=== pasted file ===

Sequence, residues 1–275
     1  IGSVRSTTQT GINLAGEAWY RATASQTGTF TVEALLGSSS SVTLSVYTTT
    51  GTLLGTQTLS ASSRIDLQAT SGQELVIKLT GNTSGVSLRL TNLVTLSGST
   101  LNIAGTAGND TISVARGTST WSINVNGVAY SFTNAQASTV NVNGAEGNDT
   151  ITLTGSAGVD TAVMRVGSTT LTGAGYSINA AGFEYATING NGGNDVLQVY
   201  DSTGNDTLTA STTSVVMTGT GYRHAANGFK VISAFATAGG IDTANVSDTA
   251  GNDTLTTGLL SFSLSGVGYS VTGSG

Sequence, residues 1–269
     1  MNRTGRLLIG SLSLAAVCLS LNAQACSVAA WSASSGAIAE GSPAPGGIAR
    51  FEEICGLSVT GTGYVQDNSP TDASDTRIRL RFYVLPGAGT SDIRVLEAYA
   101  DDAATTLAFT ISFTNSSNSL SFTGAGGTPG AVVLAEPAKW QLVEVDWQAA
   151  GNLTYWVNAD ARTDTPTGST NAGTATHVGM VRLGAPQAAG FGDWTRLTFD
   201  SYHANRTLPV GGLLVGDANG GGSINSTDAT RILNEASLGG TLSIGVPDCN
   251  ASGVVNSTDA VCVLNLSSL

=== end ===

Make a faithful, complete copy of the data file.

Sequence, residues 1–275
     1  IGSVRSTTQT GINLAGEAWY RATASQTGTF TVEALLGSSS SVTLSVYTTT
    51  GTLLGTQTLS ASSRIDLQAT SGQELVIKLT GNTSGVSLRL TNLVTLSGST
   101  LNIAGTAGND TISVARGTST WSINVNGVAY SFTNAQASTV NVNGAEGNDT
   151  ITLTGSAGVD TAVMRVGSTT LTGAGYSINA AGFEYATING NGGNDVLQVY
   201  DSTGNDTLTA STTSVVMTGT GYRHAANGFK VISAFATAGG IDTANVSDTA
   251  GNDTLTTGLL SFSLSGVGYS VTGSG

Sequence, residues 1–269
     1  MNRTGRLLIG SLSLAAVCLS LNAQACSVAA WSASSGAIAE GSPAPGGIAR
    51  FEEICGLSVT GTGYVQDNSP TDASDTRIRL RFYVLPGAGT SDIRVLEAYA
   101  DDAATTLAFT ISFTNSSNSL SFTGAGGTPG AVVLAEPAKW QLVEVDWQAA
   151  GNLTYWVNAD ARTDTPTGST NAGTATHVGM VRLGAPQAAG FGDWTRLTFD
   201  SYHANRTLPV GGLLVGDANG GGSINSTDAT RILNEASLGG TLSIGVPDCN
   251  ASGVVNSTDA VCVLNLSSL